REVIEW: Never mind the doubters, here's the Replacements

CHRIS RIEMENSCHNEIDER | Updated 8/26/2013

Sunday’s first of three scheduled reunion gigs by the Minneapolis rock legends lived up to expectations, while living down their reputation.

– It showed up the moment the crowd starting bouncing up and down furiously to the opening song, “Takin’ a Ride.” It happened again when fans yelled out, “Open wide!” and all the other bratty lines in “Tommy Gets His Tonsils Out.” And again when “Little Mascara” bled straight into “Left of the Dial.” Maybe the best instance came toward the end, when they played “Swingin’ Party” by request from their ailing pal Slim Dunlap.

Magic. That’s what it was, pure and simple. An abundance of it spilled from the stage during the Replacements’ 75-minute set Sunday in Toronto, the legendary Minneapolis band’s first of three reunion gigs over the next month.

No one doubted how much excitement there would be surrounding the quartet’s first shows in 22 years. Plenty of people, though, questioned how well the legendary Minneapolis band might pull off the reunion.

The uncertainty was certainly valid. Frontman Paul Westerberg hasn’t played a real show in nine years. Two replacement Replacements — drummer Josh Freese and guitarist David Minehan — had to be called up to round out the band, making it only a half-original lineup. Even in their heyday, the ’Mats were notoriously erratic as a live act. Add to those challenges the fact that they had to follow bombastic, high-energy punk gurus Iggy & the Stooges to the RiotFest stage on Sunday, which you wouldn’t even wish upon any band, much less an inactive one.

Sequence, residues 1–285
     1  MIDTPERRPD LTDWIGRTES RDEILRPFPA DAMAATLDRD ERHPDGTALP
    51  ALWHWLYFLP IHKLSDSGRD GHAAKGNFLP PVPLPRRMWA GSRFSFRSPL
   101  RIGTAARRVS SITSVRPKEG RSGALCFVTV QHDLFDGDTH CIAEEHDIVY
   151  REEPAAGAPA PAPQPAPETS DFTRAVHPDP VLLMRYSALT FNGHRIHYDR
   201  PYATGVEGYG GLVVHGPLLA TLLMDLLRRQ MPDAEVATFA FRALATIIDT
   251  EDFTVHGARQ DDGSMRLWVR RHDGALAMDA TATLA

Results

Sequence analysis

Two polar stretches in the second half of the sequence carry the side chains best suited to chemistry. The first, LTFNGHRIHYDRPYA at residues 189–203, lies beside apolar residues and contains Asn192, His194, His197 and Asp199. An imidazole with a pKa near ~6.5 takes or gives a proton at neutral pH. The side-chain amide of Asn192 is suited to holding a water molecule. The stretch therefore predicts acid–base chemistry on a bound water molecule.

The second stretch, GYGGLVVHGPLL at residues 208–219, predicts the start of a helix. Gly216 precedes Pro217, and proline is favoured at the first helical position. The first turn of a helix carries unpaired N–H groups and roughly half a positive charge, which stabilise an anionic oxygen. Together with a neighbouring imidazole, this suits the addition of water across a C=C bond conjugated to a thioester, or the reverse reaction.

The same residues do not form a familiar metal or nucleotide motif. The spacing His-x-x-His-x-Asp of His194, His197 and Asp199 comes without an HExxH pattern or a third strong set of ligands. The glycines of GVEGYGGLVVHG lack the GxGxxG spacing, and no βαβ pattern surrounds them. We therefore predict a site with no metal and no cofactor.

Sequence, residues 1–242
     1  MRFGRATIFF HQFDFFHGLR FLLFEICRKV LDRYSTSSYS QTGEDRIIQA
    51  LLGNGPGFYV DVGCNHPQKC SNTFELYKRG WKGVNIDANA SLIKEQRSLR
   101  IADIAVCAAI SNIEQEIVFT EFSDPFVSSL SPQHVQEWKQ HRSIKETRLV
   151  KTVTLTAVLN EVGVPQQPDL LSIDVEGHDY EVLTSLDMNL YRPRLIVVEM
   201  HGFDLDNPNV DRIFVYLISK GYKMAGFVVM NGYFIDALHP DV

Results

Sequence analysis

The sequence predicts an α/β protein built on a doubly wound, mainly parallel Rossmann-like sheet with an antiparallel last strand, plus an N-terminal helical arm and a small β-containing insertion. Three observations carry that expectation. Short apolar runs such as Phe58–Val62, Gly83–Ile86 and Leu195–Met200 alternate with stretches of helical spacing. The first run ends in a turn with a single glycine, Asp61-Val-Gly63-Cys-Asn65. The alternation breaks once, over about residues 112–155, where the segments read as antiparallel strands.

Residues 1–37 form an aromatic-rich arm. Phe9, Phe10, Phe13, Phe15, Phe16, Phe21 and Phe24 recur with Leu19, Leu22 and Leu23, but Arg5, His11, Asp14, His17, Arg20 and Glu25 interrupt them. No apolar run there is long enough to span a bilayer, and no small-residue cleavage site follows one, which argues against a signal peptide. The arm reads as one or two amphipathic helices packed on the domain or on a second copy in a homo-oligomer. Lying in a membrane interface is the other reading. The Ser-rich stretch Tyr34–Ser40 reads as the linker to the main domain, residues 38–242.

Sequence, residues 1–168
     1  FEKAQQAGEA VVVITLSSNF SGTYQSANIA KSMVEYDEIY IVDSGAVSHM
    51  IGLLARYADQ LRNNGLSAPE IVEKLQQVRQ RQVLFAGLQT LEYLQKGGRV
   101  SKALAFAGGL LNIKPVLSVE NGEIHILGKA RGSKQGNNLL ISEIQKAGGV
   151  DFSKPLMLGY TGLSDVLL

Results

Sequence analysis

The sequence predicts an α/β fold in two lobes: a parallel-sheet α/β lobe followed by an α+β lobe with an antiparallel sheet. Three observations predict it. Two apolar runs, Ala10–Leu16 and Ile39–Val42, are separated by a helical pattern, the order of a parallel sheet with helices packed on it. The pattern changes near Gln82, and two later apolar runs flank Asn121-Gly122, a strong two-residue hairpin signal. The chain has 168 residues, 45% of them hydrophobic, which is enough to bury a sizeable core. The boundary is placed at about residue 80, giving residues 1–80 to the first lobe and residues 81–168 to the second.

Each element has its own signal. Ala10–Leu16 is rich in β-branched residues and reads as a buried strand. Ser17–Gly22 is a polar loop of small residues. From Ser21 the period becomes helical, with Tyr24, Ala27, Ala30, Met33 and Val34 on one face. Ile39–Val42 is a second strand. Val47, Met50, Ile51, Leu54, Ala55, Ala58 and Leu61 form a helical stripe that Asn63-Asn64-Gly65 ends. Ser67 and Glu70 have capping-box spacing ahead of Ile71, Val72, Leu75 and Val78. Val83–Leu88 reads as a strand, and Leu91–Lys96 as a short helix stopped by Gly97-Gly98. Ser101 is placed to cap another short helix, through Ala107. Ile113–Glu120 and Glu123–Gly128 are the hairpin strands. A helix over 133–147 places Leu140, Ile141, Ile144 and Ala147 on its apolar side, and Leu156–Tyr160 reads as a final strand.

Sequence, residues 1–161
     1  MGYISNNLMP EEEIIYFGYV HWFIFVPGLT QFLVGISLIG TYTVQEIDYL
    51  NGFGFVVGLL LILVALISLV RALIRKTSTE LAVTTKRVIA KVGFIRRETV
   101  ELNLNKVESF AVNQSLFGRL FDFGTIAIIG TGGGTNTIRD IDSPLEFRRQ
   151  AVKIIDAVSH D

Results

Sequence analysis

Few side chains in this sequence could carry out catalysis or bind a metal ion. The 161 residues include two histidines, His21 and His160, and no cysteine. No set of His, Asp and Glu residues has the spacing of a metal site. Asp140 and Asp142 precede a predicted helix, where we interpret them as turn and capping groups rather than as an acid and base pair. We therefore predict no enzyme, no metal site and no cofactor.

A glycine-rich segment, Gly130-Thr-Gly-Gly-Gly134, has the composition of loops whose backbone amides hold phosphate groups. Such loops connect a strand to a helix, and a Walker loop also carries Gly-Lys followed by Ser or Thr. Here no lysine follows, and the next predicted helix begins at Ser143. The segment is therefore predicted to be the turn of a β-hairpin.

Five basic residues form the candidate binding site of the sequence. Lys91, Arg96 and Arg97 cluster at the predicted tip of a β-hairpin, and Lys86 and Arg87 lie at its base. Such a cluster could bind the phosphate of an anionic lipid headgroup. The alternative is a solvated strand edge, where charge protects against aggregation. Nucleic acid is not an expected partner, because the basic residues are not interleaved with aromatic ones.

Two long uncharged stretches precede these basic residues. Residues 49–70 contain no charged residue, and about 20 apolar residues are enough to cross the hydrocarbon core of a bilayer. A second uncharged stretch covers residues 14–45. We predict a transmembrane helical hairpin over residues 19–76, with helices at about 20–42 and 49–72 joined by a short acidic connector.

Westerberg, 53, didn’t need any time to dust off the cobwebs, though. After “Takin’ a Ride,” he and the band impressively tore through a bunch of similarly high-velocity, low-brow nuggets off their earliest albums, also including “I’m in Trouble,” “Favorite Thing,” “Hanging Downtown” and “Color Me Impressed” (in that order). The singer/guitarist smiled and snarled his way through them, reiterating the snotty but tender-beneath-it-all charm that made him one of rock’s favorite outcasts.

It wasn’t until he slowed things down a few songs later for “Androgynous” that Westerberg’s armor cracked. He forgot the lyrics mid-tune, which soon happened again in “I Will Dare.” That smile turned to a smirk, though, as if fans were getting some of what they bargained for. Bassist Tommy Stinson — the other original Replacement — couldn’t offer any help when asked, which only added to the bandmates’ amusement (Minehan actually got “I Will Dare” back on track). At least in a small dose, that old imperfection felt like good medicine.

Stinson, Minehan and Freese were near-perfect all night. Freese especially provided a spark, delivering “Love You Till Friday” with loose abandon while precisely hammering the pre-encore finale “Bastards of Young.” One of the tightest, rowdiest moments for the quartet was in the first of two cover songs, “Borstal Breakout” by British punk pioneers the Sham 69. The second cover, “Everything’s Coming Up Roses,” which kicked off the encore … not so rosy.

As a lot of legendary bands do upon reuniting, the Replacements’ first set back leaned heavily on their earliest material. They played just one song ("Achin' to Be") from their 1989 album “Don’t Tell a Soul” — but not their Canada-evoking radio hit “I’ll Be You.” And only one track from 1991’s farewell disc, “All Shook Down,” made it into the set (“Merry Go Round”).

The older tunes suited the RiotFest’s punky vibe, and it brought the band back to where it all started before members fell out and the strains of the music biz set in. But that’s probably overthinking it. It really just seemed like the guys wanted to have fun. Those particular songs fit that bill best — especially when played well, not sloppily. Westerberg and Stinson seemed as pleasantly surprised as anyone that they came off as well as they did.